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American Journal of SociologyAJS

Volume 116, Number 2, September 2010, pp. 341-728



V  Contributors


The Oncomouse That Roared: Hybrid Exchange Strategies as a Source of Distinction at the Boundary of Overlapping Institutions

Fiona Murray

Massachusetts Institute of Technology

Abstract: Conventional wisdom suggests that when institutional logics overlap, the production of hybrids signifies collapse, blending, or easy coexistence. The author provides an alternative interpretation: hybrids can maintain a distinctive boundary and can emerge from contestation, not coexistence. This alternative interpretation is grounded in an analysis of a critical moment at the academic-commercial boundary: the enforcement of patents to a key technology on academic geneticists. In their reaction to commercial encroachment, skilled actors (scientists) took the resources of the commercial logic and transformed their meaning to establish hybrid strategies that preserved the distinctive institutions. Thus, hybrids must be reconsidered as emerging from conflict and produced through boundary work to maintain the distinction and resilience of logics.





Industry Induces Academic Science to Know Less about More

James A. Evans

University of Chicago

Abstract: How does collaboration between academic research and industry shape science? This article argues that companies' relative indifference to theory nudges their academic partners toward novel, theoretically unanticipated experiments. The article then evaluates this proposition using fieldwork, archival materials, and panel models of all academic research using the popular plant model Arabidopsis thaliana and the companies that support that research. Findings suggest that industry partnerships draw high-status academics away from confirming theories and toward speculation. For the network of scientific ideas surrounding Arabidopsis, industry sponsorship weaves discoveries around the periphery into looser, more expansive knowledge. Government funding plays a complementary role, sponsoring focused scientific activity in dense hubs that facilitate scientific community and understanding.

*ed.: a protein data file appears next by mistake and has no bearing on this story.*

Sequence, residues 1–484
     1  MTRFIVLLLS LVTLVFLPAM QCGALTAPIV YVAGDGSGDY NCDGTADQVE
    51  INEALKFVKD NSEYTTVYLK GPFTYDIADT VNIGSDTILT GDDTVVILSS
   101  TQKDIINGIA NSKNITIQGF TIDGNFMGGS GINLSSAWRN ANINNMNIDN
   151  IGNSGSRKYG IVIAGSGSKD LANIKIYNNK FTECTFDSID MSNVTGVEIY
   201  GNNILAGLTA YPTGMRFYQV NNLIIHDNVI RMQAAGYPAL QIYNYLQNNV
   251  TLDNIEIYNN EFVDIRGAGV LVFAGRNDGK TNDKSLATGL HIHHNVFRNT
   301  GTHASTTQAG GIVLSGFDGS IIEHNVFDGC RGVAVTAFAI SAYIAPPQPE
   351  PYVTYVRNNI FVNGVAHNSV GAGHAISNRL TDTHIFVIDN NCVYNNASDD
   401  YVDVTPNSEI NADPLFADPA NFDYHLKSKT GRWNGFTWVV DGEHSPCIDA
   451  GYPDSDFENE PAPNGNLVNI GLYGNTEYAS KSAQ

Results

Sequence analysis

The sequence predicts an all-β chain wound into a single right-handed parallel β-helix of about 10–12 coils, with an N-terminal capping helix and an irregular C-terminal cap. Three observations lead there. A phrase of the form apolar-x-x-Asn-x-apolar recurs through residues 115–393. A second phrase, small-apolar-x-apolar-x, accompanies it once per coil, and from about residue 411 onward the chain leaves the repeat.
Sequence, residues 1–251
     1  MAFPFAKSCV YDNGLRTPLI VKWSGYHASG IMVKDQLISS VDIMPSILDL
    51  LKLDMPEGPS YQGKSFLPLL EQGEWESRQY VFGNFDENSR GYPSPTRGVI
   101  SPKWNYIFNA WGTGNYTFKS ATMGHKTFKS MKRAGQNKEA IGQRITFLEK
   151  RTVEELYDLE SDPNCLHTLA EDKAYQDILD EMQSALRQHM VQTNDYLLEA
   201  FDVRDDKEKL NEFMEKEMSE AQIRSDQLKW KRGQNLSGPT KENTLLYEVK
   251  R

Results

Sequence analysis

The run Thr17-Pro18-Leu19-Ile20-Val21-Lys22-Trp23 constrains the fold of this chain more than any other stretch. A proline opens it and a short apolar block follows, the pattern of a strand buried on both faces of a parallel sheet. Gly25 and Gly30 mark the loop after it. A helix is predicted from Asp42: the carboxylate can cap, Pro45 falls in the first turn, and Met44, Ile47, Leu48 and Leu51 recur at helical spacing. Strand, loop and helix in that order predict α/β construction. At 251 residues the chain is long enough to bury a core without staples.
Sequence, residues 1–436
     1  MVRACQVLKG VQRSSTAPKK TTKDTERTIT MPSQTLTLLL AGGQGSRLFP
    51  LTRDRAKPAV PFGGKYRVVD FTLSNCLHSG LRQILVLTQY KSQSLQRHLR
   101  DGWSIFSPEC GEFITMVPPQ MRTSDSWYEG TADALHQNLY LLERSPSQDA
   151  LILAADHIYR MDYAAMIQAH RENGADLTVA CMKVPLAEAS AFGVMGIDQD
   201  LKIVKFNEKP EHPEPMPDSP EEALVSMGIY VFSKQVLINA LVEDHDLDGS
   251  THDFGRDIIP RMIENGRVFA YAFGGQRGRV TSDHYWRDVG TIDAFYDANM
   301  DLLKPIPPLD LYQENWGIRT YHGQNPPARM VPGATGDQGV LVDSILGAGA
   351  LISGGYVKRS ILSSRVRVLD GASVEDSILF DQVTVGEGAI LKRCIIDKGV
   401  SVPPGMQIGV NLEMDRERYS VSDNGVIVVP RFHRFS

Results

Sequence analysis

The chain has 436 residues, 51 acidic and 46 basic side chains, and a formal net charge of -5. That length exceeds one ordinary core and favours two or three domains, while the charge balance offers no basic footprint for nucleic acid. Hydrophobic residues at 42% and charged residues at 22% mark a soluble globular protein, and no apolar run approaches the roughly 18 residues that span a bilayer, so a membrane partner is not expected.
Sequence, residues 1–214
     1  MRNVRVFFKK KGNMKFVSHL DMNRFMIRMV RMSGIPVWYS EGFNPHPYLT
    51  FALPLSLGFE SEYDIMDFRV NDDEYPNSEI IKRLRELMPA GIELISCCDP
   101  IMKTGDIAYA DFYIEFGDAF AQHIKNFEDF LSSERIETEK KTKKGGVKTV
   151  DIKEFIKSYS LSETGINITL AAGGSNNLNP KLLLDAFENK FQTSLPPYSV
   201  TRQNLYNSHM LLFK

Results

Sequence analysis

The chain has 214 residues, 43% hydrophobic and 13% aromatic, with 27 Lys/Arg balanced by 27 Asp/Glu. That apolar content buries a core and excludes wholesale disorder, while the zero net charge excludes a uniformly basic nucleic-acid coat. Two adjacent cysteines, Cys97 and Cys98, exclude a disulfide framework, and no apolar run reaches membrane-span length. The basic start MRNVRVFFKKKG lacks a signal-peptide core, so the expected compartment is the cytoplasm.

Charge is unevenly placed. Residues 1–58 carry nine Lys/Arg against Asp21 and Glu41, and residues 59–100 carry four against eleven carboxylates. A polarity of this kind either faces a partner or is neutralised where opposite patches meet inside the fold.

Three Worlds of Relief: Race, Immigration, and Public and Private Social Welfare Spending in American Cities, 1929

Cybelle Fox

University of California, Berkeley

Abstract: Using a data set of public and private relief spending for 295 cities, this article examines the racial and ethnic patterning of social welfare provision in the United States in 1929. On the eve of the Depression, cities with more blacks or Mexicans spent the least on social assistance and relied more heavily on private money to fund their programs. Cities with more European immigrants spent the most on relief and relied more heavily on public funding. Distinct political systems, labor market relations, and racial ideologies about each group’s proclivity to use relief best explain relief spending differences across cities.





A Multilevel Systemic Model of Community Attachment: Assessing the Relative Importance of the Community and Individual Levels

Jeremy Flaherty

Ralph B. Brown

Brigham Young University